I don’t know about you, but I’ve approved an expense on a whim that in 20/20 hindsight didn’t make sense or didn’t generate a return of any kind.  Time suck, and a waste of money- nothing more than that.  I have a rule now- if there is an expense I want to incur for growth, I wait 7 days before committing. This gives me time to step back, revisit my plan, and clearly understand how this will get me closer to my goals. 9 times out of 10; I don’t commit.  Hey, I’m human! I can get caught up in a sales pitch too once in awhile.

Having a thought out plan helps us stay centered and focused. Plans are living, breathing documents. They are outlines of what needs to be accomplished. You should be flexible and ready to pivot when something isn’t working and also ready to capitalize on things that are, even if it means foregoing something else.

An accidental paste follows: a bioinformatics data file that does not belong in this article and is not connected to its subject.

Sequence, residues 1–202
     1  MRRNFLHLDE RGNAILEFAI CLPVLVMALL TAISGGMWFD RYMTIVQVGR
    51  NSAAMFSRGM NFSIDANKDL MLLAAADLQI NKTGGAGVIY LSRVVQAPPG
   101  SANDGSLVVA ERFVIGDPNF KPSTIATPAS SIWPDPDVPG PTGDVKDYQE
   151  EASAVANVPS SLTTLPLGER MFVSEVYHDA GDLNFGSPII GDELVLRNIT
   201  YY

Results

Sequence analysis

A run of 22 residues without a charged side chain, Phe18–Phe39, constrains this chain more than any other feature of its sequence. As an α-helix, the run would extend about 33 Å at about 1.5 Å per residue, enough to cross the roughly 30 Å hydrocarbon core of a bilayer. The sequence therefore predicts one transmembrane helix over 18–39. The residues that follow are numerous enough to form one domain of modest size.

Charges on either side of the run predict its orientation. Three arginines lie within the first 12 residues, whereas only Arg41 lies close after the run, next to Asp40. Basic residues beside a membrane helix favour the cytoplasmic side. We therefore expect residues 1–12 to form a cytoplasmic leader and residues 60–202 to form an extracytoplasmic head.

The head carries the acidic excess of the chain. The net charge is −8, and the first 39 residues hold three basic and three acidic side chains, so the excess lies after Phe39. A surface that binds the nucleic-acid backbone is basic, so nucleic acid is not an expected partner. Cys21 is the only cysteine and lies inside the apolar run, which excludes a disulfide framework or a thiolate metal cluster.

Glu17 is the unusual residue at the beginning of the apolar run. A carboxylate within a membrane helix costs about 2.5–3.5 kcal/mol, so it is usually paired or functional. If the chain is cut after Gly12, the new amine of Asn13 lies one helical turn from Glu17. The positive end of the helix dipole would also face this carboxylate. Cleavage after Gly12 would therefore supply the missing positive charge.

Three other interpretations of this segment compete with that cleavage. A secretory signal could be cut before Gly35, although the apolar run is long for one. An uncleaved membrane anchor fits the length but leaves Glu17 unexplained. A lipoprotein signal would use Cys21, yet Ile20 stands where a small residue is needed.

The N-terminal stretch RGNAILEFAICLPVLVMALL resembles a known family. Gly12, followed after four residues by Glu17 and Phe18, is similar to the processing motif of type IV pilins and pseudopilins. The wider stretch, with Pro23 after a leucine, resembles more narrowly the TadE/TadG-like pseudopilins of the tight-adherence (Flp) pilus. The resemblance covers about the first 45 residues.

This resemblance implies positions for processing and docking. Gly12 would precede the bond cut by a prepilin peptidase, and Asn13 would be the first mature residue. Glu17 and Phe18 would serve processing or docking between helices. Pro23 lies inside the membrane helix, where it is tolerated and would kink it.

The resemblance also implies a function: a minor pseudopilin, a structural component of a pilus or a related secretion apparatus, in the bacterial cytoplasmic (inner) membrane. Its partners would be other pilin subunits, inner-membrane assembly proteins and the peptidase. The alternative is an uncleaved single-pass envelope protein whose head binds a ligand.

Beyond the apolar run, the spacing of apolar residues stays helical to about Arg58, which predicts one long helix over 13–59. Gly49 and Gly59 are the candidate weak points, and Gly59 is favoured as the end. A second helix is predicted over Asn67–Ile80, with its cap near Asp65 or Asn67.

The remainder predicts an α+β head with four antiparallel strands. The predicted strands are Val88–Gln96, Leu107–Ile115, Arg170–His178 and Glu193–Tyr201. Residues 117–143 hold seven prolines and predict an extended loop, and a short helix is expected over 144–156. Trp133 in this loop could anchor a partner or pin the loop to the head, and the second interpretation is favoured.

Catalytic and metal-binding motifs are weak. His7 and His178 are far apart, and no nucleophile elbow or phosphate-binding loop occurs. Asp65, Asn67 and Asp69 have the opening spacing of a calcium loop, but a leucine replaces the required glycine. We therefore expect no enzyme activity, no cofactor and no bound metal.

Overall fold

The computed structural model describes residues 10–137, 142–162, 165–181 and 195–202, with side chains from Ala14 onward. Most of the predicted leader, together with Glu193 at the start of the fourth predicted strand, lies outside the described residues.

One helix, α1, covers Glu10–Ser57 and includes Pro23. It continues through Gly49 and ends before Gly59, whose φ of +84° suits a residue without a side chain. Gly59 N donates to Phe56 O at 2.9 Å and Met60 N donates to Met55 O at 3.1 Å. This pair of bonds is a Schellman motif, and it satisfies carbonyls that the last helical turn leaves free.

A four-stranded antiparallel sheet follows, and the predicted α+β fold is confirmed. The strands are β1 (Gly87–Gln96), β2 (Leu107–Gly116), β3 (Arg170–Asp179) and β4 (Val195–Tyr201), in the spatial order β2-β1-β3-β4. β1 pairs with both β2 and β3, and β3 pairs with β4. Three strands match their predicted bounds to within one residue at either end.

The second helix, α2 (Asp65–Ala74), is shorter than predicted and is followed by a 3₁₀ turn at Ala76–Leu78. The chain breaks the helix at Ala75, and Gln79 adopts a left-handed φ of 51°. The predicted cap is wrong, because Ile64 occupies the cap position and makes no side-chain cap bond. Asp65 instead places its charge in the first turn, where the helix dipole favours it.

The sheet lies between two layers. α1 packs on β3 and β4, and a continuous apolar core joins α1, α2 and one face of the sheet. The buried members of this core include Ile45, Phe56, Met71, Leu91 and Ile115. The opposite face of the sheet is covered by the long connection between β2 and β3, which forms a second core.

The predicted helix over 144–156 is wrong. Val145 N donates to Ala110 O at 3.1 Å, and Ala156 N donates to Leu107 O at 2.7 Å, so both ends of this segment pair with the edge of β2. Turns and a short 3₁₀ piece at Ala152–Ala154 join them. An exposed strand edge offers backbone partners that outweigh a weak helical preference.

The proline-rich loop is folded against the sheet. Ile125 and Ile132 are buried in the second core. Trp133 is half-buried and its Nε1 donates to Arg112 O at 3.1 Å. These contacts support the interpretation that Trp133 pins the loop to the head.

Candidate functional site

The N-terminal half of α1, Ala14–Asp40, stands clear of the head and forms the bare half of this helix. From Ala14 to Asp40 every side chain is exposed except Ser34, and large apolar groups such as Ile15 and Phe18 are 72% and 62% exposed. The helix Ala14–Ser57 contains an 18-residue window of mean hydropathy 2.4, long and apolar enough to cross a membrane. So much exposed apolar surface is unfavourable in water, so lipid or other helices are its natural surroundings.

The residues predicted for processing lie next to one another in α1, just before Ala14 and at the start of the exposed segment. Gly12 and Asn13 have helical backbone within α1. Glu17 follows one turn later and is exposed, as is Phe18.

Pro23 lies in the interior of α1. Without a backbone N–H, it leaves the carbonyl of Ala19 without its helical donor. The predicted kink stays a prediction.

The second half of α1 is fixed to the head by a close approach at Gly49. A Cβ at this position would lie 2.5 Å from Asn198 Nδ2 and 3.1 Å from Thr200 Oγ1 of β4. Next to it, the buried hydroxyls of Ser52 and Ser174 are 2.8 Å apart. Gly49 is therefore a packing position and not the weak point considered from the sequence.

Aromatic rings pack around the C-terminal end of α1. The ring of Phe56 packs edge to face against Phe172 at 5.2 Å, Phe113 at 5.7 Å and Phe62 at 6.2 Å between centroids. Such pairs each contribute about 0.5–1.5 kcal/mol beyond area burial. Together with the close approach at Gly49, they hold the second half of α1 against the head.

Chunk it out. 

How many of us write these beautiful, well thought out plans and then never look at them? I’ve done it myself and have seen it happen.  The way to keep the goals and the plan top of mind is by using a month by month action plan.  Chunking out tasks that map into your revenue goals.  You can call it a “To Do” list, but we like to call it “The Action Plan.”  This is where the rubber meets the road in the day to day grind of operating. Keeping yourself or your team focused on reaching milestones every month will help you stick to your plan.  We use one at Workbea.  Click the link below to see the planner we use. It has proven to be a huge help keeping us focused and has helped us reach our goals this year.

Happy planning!

Meet Your Business Goals Next Year

Time To Begin Again